The inches per gallon rule is very helpful in freshwater but it breaks down quickly in saltwater. Some fish require more space based on activity rather than size. Consider a 3 inch goby and a three inch wrasse. The goby would be fine in a five gallon tank because it will spend most of its life in or near a burrow. The wrasse will be constantly moving and exploring.
Tangs are very energetic fishes that swim great distances every day. They need large tanks to accommodate this lifestyle.
It is also a common fallacy that a young fish is just fine in a smaller tank because you can move it once it reaches a certain size. Fish growth is poorly understood, but we do know that the most rapid growth occurs in the first few years of life - the years when it is small. Sticking a fish in a small tank "because it's small right now" is a recipe for disaster. The fish will naturally tend to grow very rapidly, but cramped quarters will lead to extreme stress and various other factors that will contribute to growth stunting. Stunted fish have shorter lifespans and are more prone to disease.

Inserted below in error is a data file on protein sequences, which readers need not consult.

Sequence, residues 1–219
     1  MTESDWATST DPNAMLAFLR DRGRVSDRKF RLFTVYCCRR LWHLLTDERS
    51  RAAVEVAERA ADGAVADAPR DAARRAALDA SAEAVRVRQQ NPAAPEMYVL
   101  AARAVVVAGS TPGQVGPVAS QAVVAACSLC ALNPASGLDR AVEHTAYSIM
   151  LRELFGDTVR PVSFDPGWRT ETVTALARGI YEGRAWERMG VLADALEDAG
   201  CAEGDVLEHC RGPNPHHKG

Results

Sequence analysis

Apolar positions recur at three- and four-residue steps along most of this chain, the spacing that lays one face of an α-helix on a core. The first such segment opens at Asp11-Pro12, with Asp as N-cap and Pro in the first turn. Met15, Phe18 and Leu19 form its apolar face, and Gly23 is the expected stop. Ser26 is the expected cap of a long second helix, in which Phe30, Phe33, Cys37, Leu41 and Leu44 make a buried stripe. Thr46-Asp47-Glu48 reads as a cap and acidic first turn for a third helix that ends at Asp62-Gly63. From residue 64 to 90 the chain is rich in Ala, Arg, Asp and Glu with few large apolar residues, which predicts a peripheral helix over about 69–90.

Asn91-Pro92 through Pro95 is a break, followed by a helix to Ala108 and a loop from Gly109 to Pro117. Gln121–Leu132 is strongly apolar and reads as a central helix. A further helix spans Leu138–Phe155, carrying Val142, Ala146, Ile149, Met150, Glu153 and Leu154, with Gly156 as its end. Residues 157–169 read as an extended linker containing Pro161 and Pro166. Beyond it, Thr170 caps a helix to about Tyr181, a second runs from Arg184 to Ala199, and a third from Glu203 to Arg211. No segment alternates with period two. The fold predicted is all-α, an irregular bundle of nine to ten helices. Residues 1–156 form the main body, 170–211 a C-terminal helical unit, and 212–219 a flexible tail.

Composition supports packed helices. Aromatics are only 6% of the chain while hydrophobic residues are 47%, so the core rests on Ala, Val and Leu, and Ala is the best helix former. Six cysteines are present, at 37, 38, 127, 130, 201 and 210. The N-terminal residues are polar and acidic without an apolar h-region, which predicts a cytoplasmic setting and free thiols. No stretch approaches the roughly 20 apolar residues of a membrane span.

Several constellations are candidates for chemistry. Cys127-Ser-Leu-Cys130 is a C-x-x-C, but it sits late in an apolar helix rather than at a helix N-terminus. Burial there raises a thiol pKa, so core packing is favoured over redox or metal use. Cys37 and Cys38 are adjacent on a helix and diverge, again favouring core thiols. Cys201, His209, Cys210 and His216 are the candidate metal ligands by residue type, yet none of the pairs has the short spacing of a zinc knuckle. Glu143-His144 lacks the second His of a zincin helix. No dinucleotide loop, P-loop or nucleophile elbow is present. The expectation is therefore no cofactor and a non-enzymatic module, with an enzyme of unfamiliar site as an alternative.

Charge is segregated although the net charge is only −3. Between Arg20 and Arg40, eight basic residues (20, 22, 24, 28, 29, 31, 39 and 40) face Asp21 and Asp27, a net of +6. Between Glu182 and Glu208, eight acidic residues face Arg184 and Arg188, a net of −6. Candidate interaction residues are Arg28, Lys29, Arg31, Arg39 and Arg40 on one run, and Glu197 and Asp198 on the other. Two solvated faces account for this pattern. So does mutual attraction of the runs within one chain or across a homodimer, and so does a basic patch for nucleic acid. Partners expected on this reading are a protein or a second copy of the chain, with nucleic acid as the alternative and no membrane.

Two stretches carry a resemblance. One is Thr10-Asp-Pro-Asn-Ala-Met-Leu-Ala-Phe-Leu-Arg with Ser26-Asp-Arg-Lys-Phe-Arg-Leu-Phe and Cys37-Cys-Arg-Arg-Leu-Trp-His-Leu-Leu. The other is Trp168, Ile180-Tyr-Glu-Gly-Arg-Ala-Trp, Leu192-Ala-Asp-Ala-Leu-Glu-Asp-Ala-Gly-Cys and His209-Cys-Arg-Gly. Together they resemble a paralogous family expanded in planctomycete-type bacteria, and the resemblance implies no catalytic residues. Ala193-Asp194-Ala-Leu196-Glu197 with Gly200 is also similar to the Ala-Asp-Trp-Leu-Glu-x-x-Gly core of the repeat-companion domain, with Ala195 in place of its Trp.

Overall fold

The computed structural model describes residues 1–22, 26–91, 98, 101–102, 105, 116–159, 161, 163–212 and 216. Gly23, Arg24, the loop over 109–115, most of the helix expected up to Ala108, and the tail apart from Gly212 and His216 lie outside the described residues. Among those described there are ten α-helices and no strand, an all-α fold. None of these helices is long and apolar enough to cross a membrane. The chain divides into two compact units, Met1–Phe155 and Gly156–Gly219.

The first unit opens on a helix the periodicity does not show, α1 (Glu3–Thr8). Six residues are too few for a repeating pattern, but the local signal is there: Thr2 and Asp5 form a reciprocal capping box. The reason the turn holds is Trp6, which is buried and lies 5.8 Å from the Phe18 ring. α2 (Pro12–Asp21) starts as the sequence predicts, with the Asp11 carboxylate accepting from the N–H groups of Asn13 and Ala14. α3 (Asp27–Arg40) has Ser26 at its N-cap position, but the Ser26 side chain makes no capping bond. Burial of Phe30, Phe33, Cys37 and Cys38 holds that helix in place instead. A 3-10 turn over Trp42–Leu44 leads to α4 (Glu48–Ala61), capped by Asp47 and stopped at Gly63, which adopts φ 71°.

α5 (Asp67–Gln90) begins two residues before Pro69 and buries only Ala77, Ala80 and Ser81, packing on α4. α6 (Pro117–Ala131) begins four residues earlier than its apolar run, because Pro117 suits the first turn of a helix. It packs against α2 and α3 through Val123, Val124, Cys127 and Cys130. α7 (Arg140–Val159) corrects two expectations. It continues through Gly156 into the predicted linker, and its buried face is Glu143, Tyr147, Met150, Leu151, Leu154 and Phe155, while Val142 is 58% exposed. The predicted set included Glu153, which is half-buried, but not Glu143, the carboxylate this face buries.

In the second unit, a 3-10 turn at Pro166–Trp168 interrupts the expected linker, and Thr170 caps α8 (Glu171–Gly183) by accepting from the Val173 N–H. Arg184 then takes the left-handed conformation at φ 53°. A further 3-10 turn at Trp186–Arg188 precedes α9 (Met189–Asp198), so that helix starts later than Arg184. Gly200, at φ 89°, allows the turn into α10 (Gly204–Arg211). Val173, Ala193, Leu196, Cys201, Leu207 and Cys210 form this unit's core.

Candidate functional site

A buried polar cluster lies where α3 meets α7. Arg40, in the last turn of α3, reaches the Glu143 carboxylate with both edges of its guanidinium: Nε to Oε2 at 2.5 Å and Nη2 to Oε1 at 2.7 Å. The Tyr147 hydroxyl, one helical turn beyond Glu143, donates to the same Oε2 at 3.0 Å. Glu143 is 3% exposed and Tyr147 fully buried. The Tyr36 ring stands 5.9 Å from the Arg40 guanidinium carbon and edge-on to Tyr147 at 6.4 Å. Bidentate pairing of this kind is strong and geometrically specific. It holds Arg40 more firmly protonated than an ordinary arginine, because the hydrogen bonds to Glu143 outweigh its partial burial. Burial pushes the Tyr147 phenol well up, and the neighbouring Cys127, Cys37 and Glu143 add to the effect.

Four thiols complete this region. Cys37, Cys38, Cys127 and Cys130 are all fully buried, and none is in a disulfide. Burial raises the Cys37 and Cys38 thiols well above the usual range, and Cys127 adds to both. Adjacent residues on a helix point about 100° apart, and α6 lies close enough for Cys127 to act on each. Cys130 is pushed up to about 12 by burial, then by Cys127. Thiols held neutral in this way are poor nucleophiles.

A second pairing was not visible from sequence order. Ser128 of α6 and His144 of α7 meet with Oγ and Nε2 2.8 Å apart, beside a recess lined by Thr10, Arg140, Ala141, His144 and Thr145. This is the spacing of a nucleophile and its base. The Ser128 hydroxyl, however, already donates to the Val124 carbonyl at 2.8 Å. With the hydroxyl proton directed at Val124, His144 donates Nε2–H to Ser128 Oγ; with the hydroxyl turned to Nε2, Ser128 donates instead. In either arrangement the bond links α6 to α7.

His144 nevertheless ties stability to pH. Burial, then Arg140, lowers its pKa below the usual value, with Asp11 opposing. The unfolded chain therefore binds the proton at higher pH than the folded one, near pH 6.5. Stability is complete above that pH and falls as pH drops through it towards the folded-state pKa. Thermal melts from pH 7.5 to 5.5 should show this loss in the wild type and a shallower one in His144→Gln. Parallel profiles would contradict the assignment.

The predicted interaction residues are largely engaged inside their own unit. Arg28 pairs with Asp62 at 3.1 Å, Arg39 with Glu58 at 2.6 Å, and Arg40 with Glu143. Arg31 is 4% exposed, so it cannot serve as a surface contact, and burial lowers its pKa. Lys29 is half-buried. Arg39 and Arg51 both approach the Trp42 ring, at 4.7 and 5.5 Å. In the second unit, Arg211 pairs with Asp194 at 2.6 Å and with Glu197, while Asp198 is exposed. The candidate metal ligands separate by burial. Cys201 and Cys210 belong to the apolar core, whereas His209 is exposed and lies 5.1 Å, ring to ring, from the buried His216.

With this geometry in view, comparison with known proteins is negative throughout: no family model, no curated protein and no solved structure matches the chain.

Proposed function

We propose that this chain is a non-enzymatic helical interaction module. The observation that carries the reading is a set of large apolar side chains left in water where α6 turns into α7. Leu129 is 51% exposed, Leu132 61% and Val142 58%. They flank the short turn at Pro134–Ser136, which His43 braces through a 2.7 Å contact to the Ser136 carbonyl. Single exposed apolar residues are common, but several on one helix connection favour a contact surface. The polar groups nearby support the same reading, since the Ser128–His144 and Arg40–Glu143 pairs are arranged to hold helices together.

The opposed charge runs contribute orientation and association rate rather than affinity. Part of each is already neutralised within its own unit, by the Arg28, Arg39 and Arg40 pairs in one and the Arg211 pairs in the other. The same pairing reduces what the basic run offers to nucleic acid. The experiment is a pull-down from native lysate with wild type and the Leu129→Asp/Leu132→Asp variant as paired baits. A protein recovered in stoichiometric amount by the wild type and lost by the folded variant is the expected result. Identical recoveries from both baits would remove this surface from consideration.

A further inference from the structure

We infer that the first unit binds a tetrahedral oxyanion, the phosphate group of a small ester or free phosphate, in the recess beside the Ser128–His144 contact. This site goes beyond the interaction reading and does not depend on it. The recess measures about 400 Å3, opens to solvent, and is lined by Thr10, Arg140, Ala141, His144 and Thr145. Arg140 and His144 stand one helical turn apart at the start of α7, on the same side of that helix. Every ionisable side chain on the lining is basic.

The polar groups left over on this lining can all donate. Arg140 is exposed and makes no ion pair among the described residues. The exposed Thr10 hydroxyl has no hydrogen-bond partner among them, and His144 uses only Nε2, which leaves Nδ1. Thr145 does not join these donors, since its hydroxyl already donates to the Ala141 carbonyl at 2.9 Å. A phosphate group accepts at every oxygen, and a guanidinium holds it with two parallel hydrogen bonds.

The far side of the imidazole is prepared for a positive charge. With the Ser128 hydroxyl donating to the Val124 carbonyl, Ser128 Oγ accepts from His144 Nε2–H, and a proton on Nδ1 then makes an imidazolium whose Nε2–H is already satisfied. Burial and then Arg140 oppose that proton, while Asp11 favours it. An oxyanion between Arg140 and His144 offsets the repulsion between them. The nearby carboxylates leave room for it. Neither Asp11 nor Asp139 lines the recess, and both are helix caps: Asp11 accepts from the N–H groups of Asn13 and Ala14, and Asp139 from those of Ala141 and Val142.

Then there's always the human equation. If you look at a fish every day, you won't notice the small growth that occurs until one day you suddenly realize its doubled in size, and you meant to give it a bigger home "three inches ago."
A juvenile fish should be housed in a tank appropriate for its adult size. No disrespect intended to anyone, but suggesting a tang of any age is ok in a tank half the minimum recommended size is encouraging a slow and painful death for a beautiful animal.
Someone stop me! Please! But... not just yet...
55 Gal Tropical FW
55 Gal Mixed Reef